Cell therapy focused biotech NeoStem (NYSE:NBS) appeared in Bloomberg Television’s "Talking Stock" this week, where CEO Robin Smith discussed the company’s latest stem cell therapy trial.
On May 14, Smith spoke with Pimm Fox, host of
"Taking Stock", about the company's PreSERVE trial, a regenerative
therapy for heart attack survivors.
PreSERVE said it uses an
autologous bone marrow-derived stem cell called CD34, to limit the
damage of heart muscle that develops following an acute heart attack and
prevent ventricular remodeling, which is the accepted mechanism
responsible for clinical progression and increased risk.
Smith explained that there are two basic types of stem cells, embryonic and non-embryonic – which are what NeoStem uses in its therapies.
stem cells – non-embryonic – can come from an umbilical cord or a
placenta, or even from a grown person’s fat or bone marrow, said Smith.
are a leader in cell therapy, creating all kinds of cell therapies from
different non-embryonic stem cells to treat chronic disease," Smith
"For 30 years, we have done bone marrow transplants –
taking stem cells from another person and giving them top you after
chemotherapy to create a new immune system.
"Now we’re talking about using the cells to repair tissue and those could come from another person, or your own."
regards to the phase 2 clinical trials of PreSERVE, Smith says one in
five people that actually survive a heat attach die within a year’s
"So imagine if you could take your body’s stem cells and
inject them into the heart to lay down new blood vessels, to repair the
damaged tissue, and prevent worsening of heart functions," Smith said.
"That’s what we’re doing with PreSERVE."
Smith says the company plans to have results from the trial in 2013.
To fund this, and other projects, Smith says NeoStem is involved in contract manufacturing for other companies as well as developing their own products to treat chronic diseases.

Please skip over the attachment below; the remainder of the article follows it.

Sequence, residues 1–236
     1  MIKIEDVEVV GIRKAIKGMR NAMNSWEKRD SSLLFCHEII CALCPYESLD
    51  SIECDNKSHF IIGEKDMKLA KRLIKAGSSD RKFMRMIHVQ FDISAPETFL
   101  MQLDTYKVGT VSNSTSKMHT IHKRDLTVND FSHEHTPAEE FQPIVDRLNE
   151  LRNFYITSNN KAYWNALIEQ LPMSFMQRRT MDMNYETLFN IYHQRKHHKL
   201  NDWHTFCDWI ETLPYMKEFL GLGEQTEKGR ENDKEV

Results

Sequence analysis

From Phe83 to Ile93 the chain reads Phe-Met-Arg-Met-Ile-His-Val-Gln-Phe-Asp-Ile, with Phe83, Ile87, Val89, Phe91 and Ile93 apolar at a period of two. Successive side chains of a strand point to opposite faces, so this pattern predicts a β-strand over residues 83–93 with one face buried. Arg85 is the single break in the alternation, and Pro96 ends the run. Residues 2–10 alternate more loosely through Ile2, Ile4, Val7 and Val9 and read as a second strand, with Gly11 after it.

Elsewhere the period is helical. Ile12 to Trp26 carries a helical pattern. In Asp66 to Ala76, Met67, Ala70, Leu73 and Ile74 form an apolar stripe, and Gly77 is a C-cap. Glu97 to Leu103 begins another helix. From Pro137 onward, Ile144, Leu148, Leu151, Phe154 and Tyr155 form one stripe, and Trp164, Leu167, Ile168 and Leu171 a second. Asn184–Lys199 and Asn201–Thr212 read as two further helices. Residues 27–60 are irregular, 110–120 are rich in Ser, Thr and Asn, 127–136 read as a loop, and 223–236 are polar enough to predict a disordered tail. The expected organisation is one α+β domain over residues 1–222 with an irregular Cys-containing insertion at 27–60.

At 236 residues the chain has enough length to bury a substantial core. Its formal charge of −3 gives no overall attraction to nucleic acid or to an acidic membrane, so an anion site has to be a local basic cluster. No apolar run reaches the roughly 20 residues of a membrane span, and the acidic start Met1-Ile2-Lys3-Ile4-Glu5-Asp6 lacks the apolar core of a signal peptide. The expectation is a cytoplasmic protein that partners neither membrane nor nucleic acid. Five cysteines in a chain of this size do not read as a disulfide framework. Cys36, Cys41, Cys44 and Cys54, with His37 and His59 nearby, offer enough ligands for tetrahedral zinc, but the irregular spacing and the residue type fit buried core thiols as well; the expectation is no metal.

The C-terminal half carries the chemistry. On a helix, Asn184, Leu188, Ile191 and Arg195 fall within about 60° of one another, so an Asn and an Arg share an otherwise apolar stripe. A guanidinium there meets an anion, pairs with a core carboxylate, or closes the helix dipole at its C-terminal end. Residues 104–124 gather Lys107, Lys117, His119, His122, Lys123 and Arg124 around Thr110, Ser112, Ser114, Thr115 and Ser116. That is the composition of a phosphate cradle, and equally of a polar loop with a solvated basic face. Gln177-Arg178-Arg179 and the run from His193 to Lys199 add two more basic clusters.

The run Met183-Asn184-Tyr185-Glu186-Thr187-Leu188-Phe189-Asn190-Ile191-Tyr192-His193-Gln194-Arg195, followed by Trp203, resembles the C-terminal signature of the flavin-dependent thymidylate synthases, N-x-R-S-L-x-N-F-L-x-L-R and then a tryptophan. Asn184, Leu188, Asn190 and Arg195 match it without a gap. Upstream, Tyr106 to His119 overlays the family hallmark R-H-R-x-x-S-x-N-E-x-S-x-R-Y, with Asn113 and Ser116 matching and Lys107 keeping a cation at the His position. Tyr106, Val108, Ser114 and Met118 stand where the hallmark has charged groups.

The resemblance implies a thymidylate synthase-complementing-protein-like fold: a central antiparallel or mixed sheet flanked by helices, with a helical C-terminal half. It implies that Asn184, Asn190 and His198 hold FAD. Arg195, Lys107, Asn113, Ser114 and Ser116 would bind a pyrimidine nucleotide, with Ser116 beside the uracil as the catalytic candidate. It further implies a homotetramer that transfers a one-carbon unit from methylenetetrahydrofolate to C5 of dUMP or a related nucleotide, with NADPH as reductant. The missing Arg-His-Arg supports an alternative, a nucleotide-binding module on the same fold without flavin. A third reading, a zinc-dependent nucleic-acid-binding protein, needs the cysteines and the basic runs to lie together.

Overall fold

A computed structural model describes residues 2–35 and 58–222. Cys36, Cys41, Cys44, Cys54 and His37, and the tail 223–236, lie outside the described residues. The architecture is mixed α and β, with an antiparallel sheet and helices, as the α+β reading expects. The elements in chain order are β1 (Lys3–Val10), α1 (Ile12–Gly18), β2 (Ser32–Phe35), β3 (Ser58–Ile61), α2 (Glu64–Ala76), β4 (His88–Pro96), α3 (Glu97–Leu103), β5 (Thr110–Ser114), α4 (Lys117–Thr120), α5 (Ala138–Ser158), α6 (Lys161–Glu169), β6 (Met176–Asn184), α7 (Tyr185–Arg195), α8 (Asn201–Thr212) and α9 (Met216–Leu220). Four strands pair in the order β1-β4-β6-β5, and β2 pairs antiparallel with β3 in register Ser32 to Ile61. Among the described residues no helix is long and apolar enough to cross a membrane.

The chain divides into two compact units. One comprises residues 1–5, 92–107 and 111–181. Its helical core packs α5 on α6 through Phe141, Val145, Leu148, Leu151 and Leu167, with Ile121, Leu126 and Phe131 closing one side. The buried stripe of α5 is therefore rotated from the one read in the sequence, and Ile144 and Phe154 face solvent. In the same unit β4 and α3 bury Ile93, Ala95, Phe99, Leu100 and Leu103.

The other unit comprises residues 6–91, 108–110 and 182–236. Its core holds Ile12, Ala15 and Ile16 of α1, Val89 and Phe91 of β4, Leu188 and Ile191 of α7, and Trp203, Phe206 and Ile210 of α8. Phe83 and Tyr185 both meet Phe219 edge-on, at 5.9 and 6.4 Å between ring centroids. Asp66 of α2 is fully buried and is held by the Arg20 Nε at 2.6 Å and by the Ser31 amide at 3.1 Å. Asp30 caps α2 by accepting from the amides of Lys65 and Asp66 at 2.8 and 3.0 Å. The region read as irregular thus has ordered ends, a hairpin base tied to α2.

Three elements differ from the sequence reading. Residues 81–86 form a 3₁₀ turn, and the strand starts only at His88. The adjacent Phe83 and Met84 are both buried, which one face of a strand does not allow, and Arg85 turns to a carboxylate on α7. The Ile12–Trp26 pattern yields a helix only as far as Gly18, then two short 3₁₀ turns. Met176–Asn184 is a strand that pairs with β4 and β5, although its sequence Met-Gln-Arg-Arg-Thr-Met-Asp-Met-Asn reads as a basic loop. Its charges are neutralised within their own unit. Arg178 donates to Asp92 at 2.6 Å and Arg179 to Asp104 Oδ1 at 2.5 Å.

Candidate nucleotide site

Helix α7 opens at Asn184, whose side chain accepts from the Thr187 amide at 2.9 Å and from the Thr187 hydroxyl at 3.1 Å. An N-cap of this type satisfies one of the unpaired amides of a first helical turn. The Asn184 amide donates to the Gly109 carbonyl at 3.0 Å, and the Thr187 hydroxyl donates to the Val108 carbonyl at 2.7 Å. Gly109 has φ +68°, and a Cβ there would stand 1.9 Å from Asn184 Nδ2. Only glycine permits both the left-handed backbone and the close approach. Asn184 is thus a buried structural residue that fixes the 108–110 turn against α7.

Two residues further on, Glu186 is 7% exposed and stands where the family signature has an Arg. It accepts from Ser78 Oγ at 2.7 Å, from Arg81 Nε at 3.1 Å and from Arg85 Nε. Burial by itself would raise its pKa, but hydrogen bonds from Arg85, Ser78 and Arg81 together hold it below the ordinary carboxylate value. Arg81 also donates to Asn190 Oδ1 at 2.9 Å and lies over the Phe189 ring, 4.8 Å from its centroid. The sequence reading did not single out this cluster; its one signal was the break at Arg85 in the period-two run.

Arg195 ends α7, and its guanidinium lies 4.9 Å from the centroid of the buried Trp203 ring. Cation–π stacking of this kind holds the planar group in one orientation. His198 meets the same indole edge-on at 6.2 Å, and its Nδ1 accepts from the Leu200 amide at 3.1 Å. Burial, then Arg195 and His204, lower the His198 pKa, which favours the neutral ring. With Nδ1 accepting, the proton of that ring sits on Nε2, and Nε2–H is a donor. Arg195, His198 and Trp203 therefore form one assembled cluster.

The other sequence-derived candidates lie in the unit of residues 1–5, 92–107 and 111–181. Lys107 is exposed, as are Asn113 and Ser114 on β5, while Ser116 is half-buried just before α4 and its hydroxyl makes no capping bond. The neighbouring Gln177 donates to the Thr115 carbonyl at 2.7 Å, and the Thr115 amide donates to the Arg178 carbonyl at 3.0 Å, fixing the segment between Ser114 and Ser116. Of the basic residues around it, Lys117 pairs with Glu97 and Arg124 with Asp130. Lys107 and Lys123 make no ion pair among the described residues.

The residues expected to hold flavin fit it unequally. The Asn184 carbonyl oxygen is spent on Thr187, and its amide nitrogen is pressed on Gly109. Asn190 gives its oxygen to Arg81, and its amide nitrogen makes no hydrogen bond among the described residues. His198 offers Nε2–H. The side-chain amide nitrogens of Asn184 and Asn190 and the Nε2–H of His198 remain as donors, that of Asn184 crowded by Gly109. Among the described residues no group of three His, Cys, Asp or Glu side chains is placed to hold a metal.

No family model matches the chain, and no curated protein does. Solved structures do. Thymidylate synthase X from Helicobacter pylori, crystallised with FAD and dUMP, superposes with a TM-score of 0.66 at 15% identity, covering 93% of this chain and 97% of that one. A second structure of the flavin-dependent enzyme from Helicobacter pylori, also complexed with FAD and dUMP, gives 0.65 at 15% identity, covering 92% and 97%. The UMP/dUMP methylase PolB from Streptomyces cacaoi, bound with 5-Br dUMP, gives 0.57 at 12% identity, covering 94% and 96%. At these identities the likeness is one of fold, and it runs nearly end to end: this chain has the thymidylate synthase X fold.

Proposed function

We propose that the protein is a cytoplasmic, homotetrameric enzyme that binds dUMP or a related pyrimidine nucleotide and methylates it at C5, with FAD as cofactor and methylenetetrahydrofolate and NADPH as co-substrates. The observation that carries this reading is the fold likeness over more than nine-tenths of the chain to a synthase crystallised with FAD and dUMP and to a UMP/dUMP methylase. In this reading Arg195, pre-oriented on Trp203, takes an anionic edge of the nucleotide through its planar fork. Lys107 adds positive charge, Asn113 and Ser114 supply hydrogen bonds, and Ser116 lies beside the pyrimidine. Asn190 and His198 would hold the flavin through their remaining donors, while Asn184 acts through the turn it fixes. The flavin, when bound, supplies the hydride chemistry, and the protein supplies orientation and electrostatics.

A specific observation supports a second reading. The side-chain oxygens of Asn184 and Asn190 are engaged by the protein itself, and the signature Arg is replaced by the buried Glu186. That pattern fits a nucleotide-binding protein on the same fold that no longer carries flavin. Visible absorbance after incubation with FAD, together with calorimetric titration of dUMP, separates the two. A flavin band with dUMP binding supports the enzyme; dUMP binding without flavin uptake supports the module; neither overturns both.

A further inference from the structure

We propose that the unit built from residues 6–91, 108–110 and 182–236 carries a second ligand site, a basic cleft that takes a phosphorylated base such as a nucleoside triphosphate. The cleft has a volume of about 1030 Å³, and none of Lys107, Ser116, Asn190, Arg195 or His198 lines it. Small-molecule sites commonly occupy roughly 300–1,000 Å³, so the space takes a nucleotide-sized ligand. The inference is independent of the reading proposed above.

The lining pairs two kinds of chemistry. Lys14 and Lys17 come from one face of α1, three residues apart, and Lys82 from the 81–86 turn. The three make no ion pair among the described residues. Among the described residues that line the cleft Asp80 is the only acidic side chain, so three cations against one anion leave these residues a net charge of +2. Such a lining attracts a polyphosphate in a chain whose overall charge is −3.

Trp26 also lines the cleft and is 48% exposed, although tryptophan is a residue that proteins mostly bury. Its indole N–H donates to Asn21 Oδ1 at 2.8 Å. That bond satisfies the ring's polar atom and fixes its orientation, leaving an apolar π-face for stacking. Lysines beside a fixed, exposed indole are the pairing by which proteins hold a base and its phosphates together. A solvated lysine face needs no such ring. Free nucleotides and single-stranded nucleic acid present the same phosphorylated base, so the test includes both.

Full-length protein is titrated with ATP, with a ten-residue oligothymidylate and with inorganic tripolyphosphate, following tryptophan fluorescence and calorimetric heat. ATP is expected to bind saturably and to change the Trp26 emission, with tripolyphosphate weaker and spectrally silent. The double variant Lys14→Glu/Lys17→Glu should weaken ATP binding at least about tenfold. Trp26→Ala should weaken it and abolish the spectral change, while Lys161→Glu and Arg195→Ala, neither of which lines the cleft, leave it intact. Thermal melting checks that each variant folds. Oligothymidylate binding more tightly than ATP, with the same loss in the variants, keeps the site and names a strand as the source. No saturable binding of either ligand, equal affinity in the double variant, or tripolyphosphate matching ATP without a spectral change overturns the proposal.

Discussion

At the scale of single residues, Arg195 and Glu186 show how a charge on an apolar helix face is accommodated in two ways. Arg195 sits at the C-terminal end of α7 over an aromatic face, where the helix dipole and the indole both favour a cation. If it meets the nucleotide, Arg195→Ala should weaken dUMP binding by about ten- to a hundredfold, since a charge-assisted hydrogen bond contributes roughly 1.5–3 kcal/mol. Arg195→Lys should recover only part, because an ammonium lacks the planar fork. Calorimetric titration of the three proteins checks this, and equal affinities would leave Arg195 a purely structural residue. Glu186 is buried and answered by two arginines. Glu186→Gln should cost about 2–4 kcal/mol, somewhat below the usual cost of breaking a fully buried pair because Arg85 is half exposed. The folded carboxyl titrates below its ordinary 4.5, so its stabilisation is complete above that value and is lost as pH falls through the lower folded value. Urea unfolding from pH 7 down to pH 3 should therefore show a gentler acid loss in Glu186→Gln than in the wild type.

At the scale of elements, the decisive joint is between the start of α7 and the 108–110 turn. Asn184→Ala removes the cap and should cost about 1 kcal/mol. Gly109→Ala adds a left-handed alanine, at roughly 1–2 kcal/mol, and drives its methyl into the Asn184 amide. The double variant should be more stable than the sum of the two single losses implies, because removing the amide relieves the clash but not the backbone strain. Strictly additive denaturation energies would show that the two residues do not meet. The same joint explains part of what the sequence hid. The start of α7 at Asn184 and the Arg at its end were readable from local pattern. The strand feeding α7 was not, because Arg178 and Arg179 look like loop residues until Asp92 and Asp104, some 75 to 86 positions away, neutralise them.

"To generate money, NeoStem
relies on a profitable interest in a generic pharmaceutical company [in
China], and we believe we’ll be able to monetize that to invest in
these stem cell therapies where we think there will be a great return
for our investors," Smith said.
The company has a 51 percent
ownership interest Chinese generic pharmaceutical manufacturing company
Suzhou Erye Pharmaceutical, and is looking to sell its stake in Suzhou
to bolster its cell therapy business.
NeoStem also has a manufacturing side to its business.
a service business where we’re helping other clients develop cell
therapies, commercialize them and manufacture them as they continue to
grow and go through their clinical trials," said Smith.
NeoStem said it has worked with many companies, including Baxter International (NYSE:BAX), to manufacture cell therapies.
The company released its first quarter results earlier this week, saying it had increased revenues by 13 per cent.
rose to $22.1 million from $19.6 million while the underlying loss for
the three months to March was $2.7 million, excluding non-cash charges.
Total net losses were US$9.2 million (US$9.7 million).
Amorcyte, which NeoStem
acquired in October 2011, is developing a cell therapy, AMR-001, for
the treatment of cardiovascular disease that aims to prevent heart
tissue damage following a heart attack. AMR-001 is currently in phase II
NeoStem also has a network of stem cell therapeutic providers in China.
The company raised $6.8 million gross through a share placing in April.